In the aftermath of the approval of the March 2018 military deal with the Pentagon, opposition parties formed a Ghana First Patriotic Front (GFPF) to agitate against the incursion by AFRICOM and the policies of the NPP administration.

Official government statements have denied that the character of the agreement between Washington and Accra jeopardizes the sovereignty of Ghana as an independent nation.

However, the US military has sought to spread its presence and influence throughout Africa over the last decade since the administration of former President George W. Bush. AFRICOM was formed under Bush in February 2008 and was expanded through the Obama administration. Since President Donald Trump has taken office more Pentagon and Central Intelligence Agency (CIA) personnel have been deployed in Africa.

There have been escalating clashes between Special Forces and local elements labelled as terrorists in Somalia and Niger.

A base of at least 4,000 Pentagon troops is stationed at Camp Lemonnier in Djibouti in the Horn of Africa. In Somalia at least one Pentagon soldier was killed in combat operations last year. During October 2017, four U.S. Green Berets were slain in a battle in Niger, also in West Africa. No concrete explanation has been provided as to the actual circumstances surrounding the deaths of these elite combatants.

Many Ghanaians want to avoid an escalation of violence within their country. Some have said that the mere existence of US soldiers on their soil will invite attacks against the armed representatives of Washington.

On March 28 thousands took to the streets of Accra to denounce the military agreement with the Trump administration. According to one report: “A number of opposition politicians have joined in the demonstration, which started from the Kwame Nkrumah Circle and headed towards central Accra.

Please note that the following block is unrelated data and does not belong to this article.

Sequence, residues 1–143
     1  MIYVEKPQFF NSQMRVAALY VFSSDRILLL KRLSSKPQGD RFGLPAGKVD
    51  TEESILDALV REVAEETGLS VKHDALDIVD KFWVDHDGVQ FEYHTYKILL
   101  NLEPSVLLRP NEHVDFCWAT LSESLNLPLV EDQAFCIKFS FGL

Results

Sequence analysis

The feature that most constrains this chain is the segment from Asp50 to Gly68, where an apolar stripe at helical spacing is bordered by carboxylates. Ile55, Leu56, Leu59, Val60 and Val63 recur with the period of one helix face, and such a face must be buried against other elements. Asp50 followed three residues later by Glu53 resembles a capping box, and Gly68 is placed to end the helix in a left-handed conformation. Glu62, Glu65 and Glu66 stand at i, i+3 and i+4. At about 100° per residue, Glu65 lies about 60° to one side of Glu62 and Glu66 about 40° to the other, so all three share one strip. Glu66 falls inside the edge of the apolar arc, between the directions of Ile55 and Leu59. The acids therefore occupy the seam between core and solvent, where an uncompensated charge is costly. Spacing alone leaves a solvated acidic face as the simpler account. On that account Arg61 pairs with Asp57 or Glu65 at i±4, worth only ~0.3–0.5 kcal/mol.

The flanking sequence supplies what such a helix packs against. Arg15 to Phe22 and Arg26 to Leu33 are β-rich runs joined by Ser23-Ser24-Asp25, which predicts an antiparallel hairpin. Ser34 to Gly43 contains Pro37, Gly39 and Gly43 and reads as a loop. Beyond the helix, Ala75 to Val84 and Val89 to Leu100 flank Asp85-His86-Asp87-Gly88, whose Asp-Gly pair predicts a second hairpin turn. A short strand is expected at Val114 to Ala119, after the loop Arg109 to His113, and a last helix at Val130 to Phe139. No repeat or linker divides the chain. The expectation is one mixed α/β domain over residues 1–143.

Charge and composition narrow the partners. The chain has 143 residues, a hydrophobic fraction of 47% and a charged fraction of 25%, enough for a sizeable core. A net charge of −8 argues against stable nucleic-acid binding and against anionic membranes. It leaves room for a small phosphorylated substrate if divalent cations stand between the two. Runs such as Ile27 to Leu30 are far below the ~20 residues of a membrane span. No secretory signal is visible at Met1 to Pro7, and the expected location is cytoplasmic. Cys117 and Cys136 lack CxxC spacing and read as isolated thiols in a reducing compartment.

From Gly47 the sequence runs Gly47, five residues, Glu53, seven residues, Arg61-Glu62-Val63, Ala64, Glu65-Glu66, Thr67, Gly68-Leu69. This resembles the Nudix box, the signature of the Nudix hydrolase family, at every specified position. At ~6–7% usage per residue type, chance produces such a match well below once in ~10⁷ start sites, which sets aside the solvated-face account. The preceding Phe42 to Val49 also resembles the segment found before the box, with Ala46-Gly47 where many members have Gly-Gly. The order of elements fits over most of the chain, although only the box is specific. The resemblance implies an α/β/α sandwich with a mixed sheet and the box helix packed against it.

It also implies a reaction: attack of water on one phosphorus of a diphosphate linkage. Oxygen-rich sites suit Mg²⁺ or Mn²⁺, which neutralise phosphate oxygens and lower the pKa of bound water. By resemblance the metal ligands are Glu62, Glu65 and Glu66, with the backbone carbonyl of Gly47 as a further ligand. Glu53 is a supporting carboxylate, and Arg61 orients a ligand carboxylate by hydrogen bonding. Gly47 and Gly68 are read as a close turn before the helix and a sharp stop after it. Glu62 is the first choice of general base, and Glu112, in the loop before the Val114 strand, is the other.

Founder of Ghana Was Removed for Anti-Imperialist Stance

During the 1960s under the leadership of Dr. Kwame Nkrumah, the CPP categorically opposed US military intervention in Africa. Nkrumah in his book entitled “Africa Must Unite”, published in May 1963 at the founding of the Organization of African Unity (OAU) in Addis Ababa, Ethiopia, emphasized that there was no need for imperialist military bases in Africa.

Nkrumah was targeted by the former administration of President Lyndon Johnson due to his anti-imperialist, Socialist and Pan-Africanist politics. His 1965 book, “Neo-Colonialism: The Last Stage of Imperialism”, attracted the ire of the US which issued a letter of protest through the Assistant Secretary of State for African Affairs G. Mennen Williams.

Just a few months after the publication of the book which identified US imperialism as the major impediment to the development and unity of Africa, Nkrumah was overthrown in a coup while he was out of the country on a peace mission involving the occupation war of genocide in Vietnam waged by Washington for many years.

Today Ghana is the focus of Washington’s military interests. Consequently, it will take a mass movement operating on behalf of the people of the nation that can defeat these attempts to spread the tentacles of imperialism throughout the continent.

Irrespective of the subtleties of the various characters of US military presence in Africa it is only designed to facilitate the centuries-long exploitation and oppression of the people. The legitimate security and economic interests of Ghana and Africa as a whole will only be realized through the collective efforts of the masses themselves.